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Will We Ever See a Classic Pop Moment Again – or Does Nostalgia Cloud the Way We See Modern Music?
MUSIC is a truly subjective medium…
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and not one that imposes rules and absolutes. I am one of those people who are open-minded and do not like to constrict my horizons. That being said; I am not as ‘broad’ as I could be and do avoid some genres. It is hard with music, really. You try and embrace as much as you can but nobody likes every single thing that is before them and you overlook some things. What strikes me about modern music is how much choice there is available. I am stunned by the range and openness that means we can access pretty much anything – artists are splicing sounds together and there is endless choice. I am reading an interview the Beastie Boys gave and thinking about their regency. I am also looking ahead to next month and the fact a few Kate Bush albums are celebrating anniversaries. I am always pumped when legendary artists remain and continue to release work. I am also excited reflecting on the albums and songs I grew up around. The reason why I wanted to raise this article is down to the split between older music that I grew up around and what is available right now. I listen back to music of the 1980s and 1990s and wonder how far we have really come. In many respects; music is more open and the market is a lot more widespread. Artists who, decades ago, wouldn’t have been heard on the radio or discovered without a record label, in this age, are free to share their music and get it out to the world.
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One is amazed seeing how digital platforms have transformed music and what options we have now. I wonder whether that mass of newcomers has made it difficult to discover genius albums and wondrous songs. We all have songs we grew up around and, whether they were cheesy or cool, they have remained in our mind and are in our head. Popular music has no real scenes and clans the way it did decades ago. We do not have the Punk revolution or Britpop; there is no Beat Invasion and we have few of the communities that used to bond us. From those groups came defining anthems and works of brilliance that seemed to sum up the world or a particular group of people. Other masterful works arrived outside of those communities and the scene was more enriched and bold. I can recall a load of Pop classics from my childhood – by ‘Pop’, I do not mean a limited genre but what was considered popular. Whether a Madonna classic or a wonderful offering from Blur; a Beatles anthem or something from Destiny’s Child – I was spoiled for choice and was being brought up on new music and the stuff my parents listened to. We can all name those songs that scored our childhood and got us interested in music. Whilst there are great songs being released each week; when was the last time you heard a song that stopped you in your tracks and matched those classic songs from way back?!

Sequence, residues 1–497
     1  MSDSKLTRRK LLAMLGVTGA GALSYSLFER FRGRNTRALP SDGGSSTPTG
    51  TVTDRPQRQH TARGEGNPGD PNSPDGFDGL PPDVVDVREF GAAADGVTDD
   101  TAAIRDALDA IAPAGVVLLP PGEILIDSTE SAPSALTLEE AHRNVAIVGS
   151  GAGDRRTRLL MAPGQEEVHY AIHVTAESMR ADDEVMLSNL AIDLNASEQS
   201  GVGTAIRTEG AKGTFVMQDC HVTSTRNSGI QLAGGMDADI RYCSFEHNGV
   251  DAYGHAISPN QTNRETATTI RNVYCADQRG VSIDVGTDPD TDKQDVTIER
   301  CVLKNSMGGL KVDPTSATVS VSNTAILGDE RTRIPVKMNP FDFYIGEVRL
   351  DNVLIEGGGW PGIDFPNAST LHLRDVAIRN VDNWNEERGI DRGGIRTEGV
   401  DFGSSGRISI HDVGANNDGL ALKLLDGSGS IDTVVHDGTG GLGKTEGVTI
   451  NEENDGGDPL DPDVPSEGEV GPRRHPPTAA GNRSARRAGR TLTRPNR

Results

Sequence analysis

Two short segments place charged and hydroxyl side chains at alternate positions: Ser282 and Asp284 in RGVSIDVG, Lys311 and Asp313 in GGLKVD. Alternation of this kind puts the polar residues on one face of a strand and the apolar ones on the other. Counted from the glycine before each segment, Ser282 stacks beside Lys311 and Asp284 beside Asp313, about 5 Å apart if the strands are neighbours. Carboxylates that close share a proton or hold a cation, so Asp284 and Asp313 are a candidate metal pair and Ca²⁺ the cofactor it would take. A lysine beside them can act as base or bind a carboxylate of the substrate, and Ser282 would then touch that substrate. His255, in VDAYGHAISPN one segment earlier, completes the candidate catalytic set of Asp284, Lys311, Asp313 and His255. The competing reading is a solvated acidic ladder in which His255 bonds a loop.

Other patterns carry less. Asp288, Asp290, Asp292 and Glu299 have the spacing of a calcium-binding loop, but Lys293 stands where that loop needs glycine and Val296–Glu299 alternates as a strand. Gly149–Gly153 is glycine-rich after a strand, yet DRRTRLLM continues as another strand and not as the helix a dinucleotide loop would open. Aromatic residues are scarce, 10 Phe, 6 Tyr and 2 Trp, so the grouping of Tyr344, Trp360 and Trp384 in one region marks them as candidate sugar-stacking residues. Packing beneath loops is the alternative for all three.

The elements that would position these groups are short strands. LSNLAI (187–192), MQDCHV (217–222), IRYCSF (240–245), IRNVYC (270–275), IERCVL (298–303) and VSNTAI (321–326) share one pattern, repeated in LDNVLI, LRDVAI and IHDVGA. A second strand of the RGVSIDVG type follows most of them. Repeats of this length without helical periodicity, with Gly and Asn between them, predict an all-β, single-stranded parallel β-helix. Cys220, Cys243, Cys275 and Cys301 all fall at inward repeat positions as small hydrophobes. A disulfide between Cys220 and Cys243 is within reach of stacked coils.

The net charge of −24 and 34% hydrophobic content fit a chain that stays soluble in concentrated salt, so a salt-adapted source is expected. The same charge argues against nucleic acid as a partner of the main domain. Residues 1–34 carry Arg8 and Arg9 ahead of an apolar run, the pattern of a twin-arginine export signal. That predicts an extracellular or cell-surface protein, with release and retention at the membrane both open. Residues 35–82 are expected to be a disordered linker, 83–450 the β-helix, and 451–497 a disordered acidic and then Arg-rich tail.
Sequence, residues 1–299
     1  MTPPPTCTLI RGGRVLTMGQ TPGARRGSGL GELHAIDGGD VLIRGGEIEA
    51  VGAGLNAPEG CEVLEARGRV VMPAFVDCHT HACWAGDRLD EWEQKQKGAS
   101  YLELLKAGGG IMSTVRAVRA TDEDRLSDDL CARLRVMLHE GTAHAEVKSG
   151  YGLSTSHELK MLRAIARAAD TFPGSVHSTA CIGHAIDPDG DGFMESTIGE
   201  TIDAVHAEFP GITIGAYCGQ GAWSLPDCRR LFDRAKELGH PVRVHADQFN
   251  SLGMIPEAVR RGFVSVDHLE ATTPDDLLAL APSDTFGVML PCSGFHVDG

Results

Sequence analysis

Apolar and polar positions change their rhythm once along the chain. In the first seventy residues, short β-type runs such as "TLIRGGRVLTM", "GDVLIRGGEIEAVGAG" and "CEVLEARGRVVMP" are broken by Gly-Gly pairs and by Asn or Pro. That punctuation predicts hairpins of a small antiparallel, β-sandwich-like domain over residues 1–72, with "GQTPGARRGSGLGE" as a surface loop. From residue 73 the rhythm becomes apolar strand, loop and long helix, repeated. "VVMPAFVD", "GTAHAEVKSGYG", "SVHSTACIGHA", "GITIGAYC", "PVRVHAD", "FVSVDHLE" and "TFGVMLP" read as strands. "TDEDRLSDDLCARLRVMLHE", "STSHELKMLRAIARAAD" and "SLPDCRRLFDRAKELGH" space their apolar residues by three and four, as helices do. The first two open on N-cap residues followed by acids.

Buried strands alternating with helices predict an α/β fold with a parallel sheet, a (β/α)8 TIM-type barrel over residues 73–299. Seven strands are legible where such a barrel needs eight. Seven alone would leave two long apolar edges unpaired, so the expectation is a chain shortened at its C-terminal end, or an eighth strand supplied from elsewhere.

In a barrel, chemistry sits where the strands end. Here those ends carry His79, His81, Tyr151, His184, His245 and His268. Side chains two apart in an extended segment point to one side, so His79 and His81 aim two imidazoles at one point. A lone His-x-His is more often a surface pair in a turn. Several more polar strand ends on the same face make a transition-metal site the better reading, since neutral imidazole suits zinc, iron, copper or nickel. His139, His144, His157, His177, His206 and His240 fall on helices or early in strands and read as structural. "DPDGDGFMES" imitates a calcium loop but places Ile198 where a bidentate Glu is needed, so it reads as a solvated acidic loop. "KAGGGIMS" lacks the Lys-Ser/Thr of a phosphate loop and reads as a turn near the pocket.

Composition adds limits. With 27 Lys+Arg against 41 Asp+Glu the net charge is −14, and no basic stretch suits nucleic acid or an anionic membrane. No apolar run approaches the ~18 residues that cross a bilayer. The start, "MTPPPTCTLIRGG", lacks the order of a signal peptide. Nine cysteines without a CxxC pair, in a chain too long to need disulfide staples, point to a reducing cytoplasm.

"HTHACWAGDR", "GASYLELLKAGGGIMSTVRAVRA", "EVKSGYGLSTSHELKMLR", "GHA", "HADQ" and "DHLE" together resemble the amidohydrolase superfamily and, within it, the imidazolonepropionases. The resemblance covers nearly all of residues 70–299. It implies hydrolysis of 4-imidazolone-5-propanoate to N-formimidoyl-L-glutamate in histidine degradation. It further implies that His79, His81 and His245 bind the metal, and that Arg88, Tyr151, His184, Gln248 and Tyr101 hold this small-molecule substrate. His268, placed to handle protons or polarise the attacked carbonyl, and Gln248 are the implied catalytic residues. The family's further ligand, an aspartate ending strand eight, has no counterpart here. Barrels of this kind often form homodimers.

Maybe The White Stripes’ Seven Nation Army is the last real anthem I can compare with the greats but that was back in 2003! I love music now but the Pop mainstream does not have the same icons of the 1980s and 1990s. So many tracks are written to appeal to the streaming generation and create something easy and uncomplicated. Maybe modernity and technology have made it impossible to create anything generations-lasting and fresh. I look at the Pop genre and there are some wonderful artists but nothing that gets into my head. Look around every other genre and, again, you get some stone-cold classics but the joy only lasts a certain time. Most of the music I listen to on a daily basis is from years back. I still hanker and hark back to the music I grew up around and that usually ends at the start of the last decade. If you had to do a list of the top-twenty songs of all time; how many ‘recent’ songs would be in there? The same goes for albums, too. We all know the classics but I wonder whether any record from the past decade would be anywhere near the upper leagues. Again; brilliant albums have come and every year sees some brilliant albums come through. Maybe one or two records from the past decade could make it into the top-fifty all-time albums but, again, most of the top-ten/twenty would be from the 1960s-1990s/2000s.
IN THIS PHOTO: Michael Jackson/PHOTO CREDIT: Getty Images